News & Commentary

This Challenging Time is the Right Time to Innovate in Higher Education

A new business model for higher education is inevitable. Let’s take advantage of this moment to transform our system for the better—for sustainability, equity, and student success.

The COVID-19 pandemic has upended colleges and universities across the country, but this crisis may also be a catalyst for positive change. The need to convert to almost entirely virtual course offerings, respond to students’ needs and changing college plans, and adjust to budget shortfalls, all at a frenetic pace, placed enormous burdens on California’s public postsecondary institutions, but also led to a growing acknowledgment by system leaders and the public that higher education’s basic business model needs to evolve. This concerns education (teaching and learning), delivery, and financials.

Higher education institutions have faced external challenges before, including the lasting effects of the Great Recession of 2008, but the disruptions brought on by the pandemic and subsequent economic crisis are unparalleled in scope and depth.

Consider the challenges

Reduced revenue: At a time when California’s public and private postsecondary institutions are confronting major revenue declines, they must also redirect massive resources to support freshly urgent priorities, such as professional development, health, and safety.

Technological changes: The proliferation of new tools for teaching and learning beyond the traditional classroom carry with them a learning curve for faculty, administrators, and even students who are otherwise digital natives. Students with less access to tech tools and high-speed internet are often further disadvantaged by these shifts. Still, new tools present opportunities for all involved alongside these challenges, including the potential to enable business model alternatives.

Students’ shifting college plans: In response to the recession, virtual learning, health crises, and the pressures of home and work responsibilities, many students are shifting their college plans. Low-income students are most exposed to the pressures of difficult tradeoffs, as the need to work to cover living costs such as rent or childcare crowds out educational and career prep plans. Many are choosing to delay their education, enroll in educational institutions other than those they initially planned to attend, or consider short-term certificate programs offered by private providers. As students experience the convenience and flexibility of online instruction, some are questioning the value proposition of a residential college experience. The enrollment patterns of this year reflect the deep, persistent inequities in our society.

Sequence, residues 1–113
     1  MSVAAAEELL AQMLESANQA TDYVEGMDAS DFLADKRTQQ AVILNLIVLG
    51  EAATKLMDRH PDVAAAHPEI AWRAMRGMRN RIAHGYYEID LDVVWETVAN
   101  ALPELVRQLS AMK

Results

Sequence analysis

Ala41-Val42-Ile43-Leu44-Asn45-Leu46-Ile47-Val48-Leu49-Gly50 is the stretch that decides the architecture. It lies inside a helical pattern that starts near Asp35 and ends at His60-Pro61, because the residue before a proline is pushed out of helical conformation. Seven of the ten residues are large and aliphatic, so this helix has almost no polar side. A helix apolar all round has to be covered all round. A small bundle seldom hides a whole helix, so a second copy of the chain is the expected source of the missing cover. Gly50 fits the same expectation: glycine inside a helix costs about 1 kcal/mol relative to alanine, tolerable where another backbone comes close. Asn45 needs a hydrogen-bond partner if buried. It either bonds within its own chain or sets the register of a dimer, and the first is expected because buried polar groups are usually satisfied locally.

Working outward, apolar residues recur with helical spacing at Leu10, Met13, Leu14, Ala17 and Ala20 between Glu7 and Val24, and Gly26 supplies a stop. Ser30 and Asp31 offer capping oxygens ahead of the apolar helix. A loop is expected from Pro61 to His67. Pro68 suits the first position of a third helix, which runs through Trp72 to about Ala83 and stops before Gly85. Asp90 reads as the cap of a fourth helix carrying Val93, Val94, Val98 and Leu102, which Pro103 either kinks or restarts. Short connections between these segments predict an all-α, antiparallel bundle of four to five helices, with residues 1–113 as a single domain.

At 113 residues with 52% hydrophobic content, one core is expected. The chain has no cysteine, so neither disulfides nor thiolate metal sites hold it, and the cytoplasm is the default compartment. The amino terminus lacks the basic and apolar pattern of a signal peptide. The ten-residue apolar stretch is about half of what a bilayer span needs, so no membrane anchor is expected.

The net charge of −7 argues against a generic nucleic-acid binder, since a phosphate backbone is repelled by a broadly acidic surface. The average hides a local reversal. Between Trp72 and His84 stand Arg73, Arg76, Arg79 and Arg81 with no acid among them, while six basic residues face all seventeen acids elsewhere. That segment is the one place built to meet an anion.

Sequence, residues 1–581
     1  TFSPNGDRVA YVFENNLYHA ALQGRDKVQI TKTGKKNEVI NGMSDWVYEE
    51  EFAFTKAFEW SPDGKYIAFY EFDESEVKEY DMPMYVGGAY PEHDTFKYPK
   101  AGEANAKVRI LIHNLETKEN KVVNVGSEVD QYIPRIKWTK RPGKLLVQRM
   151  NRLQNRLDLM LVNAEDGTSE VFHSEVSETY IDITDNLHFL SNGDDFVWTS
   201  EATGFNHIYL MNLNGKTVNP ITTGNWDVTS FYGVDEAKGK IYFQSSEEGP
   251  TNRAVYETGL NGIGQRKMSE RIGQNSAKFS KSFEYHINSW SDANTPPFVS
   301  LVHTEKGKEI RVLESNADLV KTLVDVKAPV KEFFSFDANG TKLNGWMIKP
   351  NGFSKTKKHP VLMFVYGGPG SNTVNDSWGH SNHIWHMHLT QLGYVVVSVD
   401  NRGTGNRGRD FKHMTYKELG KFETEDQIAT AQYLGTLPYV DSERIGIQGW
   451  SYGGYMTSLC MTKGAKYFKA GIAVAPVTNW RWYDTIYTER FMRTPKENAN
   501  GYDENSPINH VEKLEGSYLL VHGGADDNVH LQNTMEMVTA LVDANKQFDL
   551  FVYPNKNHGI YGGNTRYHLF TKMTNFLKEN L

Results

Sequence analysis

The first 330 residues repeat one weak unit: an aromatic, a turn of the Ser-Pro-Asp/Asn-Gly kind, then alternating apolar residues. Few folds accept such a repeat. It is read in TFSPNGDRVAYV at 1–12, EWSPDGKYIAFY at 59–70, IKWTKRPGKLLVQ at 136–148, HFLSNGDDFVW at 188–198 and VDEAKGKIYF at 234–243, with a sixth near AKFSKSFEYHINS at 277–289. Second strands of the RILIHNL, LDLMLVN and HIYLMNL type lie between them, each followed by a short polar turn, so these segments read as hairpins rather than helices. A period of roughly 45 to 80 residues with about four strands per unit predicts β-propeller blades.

Competition: More institutions based outside of California have increased their marketing here with the promise of more accessible and affordable options for students learning remotely. Meanwhile, employer-based academic programs are filling a desirable market niche for those seeking to accelerate upskilling and credentialing.

Now consider the opportunity

Disruptive innovations are well understood by California’s business and technology leaders. Markets change and new models replace the old. If higher education leaders, stakeholders, and policymakers meet this moment thoughtfully, we can make the most of the pressures and changes accelerated by the pandemic and transform our higher education system to be truly sustainable, equitable, and student-serving.

At College Futures Foundation, we think the time is ripe to explore ideas for a new business model for public higher education—one that reimagines how educational methods and experiences, delivery, and financing can deliver students to their goals in an accessible, affordable, and timely way. Indeed, system leaders and policymakers mobilized quickly to continue providing education and services during this unprecedented time. Given the scope and duration of some of these changes, this sector may be ready to embrace innovations in the basic business model so that every student regardless of race, gender, age, income level, location, or educational aspiration has access to a more affordable and effective educational pathway.

We enter this exploration of business model alternatives with openness, rather than a preconceived expectation for where it may take us. As always, we are guided by our core principles and values, which are to align ourselves with what is in the best interest of students—especially the low-income students and students of color who are underrepresented in higher education and higher opportunity careers—and to approach our work with a commitment to equity, courage, community, and curiosity. We are energized by the new thinking and creative approaches being advanced by higher education leaders and champions, and we further welcome your ideas, passion, and partnership.

As California strives to move forward from the pandemic-induced recession, business and public sector leaders are increasingly recognizing connections between education, equity, socioeconomic mobility, and the economy. Higher education is vital to our economic recovery and a more inclusive future. As a state, we must plan now and provide for the innovations necessary to realize the potential and responsibility of that role. This is our window of opportunity to rethink how higher education is organized—and for whom. We must act while it is open.

We look forward to taking up this important conversation with our partners and grantees in the year to come. In the meantime, we wish you health, happiness, and hope.

Monica C. Lozano
President & CEO
College Futures Foundation
Russell Gould
Chair of the Board
College Futures Foundation